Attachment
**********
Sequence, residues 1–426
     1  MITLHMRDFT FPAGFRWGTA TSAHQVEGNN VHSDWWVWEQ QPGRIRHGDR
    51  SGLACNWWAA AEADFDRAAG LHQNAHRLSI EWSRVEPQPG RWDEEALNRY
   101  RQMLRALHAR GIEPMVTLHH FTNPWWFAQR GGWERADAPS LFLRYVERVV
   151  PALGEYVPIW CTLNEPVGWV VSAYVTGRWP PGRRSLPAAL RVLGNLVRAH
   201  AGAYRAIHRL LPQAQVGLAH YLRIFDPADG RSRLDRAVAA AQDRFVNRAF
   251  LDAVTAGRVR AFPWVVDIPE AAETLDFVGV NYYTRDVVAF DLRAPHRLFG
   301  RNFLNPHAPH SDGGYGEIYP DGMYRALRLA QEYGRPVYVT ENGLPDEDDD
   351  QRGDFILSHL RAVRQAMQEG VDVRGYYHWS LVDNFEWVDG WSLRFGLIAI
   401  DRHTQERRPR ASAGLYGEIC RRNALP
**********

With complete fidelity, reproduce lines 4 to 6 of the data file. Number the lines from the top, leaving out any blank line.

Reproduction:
   101  RQMLRALHAR GIEPMVTLHH FTNPWWFAQR GGWERADAPS LFLRYVERVV
   151  PALGEYVPIW CTLNEPVGWV VSAYVTGRWP PGRRSLPAAL RVLGNLVRAH
   201  AGAYRAIHRL LPQAQVGLAH YLRIFDPADG RSRLDRAVAA AQDRFVNRAF